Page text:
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May 28, 2020
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Game design: Lesson to learn from the 2019 BAFTA best mobile game award

by Pascal Luban on 04/22/19 09:42:00 am   Expert Blogs

The following blog post, unless otherwise noted, was written by a member of Gamasutra’s community.
The thoughts and opinions expressed are those of the writer and not Gamasutra or its parent company.


The “game” Florence has received the 2019 BAFTA best mobile game award. Offering an incredibly short player experience and nearly no gameplay, Florence can barely qualify as a game. Nevertheless, the BAFTA jury has not gone mad; it has rewarded a title that illustrates a significant trend in game design.

Florence was developed by Mountains, an Australian team, and published by Annapurna Interactive. It is about a sentimental episode in the life of its main character, a young woman named Florence. The latter is an ordinary girl, and her love story is quite common. The narrative is told through fixed or little animated pictures. Interactions are limited to touching the screen to display the next image and text or to accomplish straightforward actions. The title offers a few mini-games such as jigsaw puzzles though. However, their presence is merely a metaphor of what drives two persons to get close to each other; they don’t offer any real challenge.

So, if this title has no gameplay, what is making this game so appealing? Why did it get such a prestigious award?

Florence deals with a theme that is overly important to all of us and with which we are all familiar: romantic relationships. The banality of the characters, Florence, her mother and Krish, her lover,  the commonness of the situation they live make it easy for us to project ourselves in their story. We all know persons like Florence, and we have all gone through similar circumstances.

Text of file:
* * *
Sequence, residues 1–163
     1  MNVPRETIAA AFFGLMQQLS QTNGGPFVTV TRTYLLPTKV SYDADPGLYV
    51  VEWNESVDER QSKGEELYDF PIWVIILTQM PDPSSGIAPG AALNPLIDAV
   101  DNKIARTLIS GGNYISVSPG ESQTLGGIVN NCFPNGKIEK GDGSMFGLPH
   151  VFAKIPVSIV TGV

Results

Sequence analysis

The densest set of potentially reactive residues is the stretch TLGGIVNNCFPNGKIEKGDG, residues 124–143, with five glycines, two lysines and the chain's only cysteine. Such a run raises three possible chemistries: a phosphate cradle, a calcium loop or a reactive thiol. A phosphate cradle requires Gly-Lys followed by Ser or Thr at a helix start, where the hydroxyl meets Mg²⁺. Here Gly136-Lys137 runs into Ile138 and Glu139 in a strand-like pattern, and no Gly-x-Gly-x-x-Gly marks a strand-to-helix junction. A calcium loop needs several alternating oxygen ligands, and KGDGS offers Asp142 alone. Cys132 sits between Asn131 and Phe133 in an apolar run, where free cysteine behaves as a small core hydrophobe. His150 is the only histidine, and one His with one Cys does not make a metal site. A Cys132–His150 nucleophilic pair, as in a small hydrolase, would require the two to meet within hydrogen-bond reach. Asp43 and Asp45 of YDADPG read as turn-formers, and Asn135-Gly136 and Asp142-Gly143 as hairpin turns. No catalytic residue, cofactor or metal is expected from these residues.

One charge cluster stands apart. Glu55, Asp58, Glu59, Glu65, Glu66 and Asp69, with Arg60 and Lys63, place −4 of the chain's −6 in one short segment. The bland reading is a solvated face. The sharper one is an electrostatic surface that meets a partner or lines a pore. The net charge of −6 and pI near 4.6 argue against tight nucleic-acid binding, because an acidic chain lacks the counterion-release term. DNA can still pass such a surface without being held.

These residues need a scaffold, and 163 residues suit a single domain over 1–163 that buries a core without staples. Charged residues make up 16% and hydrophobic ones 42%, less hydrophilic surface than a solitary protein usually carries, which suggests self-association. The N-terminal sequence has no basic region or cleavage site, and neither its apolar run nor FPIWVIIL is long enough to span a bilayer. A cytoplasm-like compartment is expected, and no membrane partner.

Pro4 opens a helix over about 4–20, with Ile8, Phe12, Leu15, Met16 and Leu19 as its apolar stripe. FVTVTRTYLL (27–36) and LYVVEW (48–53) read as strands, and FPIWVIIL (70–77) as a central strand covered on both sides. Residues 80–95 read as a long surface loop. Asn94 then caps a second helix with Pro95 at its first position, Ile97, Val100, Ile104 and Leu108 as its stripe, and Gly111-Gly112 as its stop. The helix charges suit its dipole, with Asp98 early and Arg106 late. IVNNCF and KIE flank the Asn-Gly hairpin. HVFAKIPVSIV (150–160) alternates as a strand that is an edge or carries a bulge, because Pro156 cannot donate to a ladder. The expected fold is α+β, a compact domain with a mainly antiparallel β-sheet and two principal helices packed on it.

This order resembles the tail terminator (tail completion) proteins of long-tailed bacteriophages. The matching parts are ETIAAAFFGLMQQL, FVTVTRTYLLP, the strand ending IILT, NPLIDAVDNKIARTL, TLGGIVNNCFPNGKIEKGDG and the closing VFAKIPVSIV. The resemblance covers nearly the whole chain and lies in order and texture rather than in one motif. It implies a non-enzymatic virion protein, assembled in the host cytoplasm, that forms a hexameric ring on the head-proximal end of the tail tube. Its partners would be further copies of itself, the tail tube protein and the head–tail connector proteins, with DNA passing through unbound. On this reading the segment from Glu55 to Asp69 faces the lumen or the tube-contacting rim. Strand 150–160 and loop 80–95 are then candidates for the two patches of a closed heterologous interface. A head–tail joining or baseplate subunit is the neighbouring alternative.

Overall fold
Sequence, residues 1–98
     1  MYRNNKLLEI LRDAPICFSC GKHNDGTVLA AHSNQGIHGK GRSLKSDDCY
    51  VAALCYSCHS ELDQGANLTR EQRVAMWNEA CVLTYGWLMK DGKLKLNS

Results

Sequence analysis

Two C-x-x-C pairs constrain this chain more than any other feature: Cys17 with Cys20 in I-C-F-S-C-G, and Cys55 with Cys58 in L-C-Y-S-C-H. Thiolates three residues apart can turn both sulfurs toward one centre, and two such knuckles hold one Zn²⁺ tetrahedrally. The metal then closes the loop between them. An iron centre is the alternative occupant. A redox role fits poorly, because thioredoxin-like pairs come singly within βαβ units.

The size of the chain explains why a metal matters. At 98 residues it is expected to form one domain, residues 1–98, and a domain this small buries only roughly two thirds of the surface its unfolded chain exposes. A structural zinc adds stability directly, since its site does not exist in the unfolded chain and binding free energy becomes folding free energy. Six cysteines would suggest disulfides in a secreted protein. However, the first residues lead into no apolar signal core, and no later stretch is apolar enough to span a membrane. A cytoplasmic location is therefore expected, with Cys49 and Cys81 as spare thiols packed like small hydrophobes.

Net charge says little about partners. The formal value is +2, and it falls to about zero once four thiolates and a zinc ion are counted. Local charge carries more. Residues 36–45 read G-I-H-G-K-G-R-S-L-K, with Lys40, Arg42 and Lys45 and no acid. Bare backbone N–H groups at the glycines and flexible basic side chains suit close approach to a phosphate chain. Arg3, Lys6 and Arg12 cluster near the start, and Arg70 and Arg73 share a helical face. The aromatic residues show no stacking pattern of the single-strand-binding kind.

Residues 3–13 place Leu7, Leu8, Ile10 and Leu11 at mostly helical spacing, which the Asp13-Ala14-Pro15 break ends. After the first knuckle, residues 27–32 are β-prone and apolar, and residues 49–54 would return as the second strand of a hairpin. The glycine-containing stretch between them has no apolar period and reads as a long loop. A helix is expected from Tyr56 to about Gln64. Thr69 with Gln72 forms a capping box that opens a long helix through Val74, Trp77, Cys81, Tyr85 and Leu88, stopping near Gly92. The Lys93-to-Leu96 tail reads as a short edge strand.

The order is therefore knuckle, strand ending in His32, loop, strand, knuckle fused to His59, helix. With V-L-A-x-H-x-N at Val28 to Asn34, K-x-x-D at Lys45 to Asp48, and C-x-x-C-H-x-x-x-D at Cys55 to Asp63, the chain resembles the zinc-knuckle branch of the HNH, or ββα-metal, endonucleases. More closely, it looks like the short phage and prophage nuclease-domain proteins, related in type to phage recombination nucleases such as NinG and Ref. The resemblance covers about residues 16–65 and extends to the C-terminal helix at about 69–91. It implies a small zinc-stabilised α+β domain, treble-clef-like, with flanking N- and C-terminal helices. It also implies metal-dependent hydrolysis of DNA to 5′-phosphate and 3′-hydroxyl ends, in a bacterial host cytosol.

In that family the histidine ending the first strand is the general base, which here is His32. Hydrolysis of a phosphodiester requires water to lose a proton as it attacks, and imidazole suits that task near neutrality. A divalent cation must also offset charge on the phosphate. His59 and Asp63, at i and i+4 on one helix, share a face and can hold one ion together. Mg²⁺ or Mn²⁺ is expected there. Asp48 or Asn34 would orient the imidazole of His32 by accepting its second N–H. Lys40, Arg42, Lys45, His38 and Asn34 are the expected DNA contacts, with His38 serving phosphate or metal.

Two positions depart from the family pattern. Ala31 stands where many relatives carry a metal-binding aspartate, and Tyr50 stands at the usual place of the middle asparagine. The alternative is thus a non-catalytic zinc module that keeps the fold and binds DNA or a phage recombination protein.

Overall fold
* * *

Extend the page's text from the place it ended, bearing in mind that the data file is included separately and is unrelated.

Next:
As a result, this work of art touches us deeply and intimately. The BAFTA jury did not reward this game for its gameplay but the intensity and universality of its experience.

Florence reminds us that storytelling mechanisms that have been so successful since ancient Greek tragedies are very effective, no matter the media.

So that’s the lesson to draw for game designers:  When a game features characters we can identify with and situations we can relate to,  the intensity of the gamer experience is multiplied.

This BAFTA reward illustrates a trend I identified several years ago:  The growing role of emotions in games and their consequences on their design and the part of a good narrative.

Other publications related to storytelling:

Do Telltales Games difficulties sign off the death of episodic content business model?

Games that make us think (FEATURED POST)

Episodic design 2.0 - Gameplay and storytelling at its best - Part 1  (FEATURED POST)

Episodic design 2.0 - Gameplay and storytelling at its best - Part 2  (FEATURED POST)

Episodic design 2.0 - Gameplay and storytelling at its best - Part 3  (FEATURED POST)

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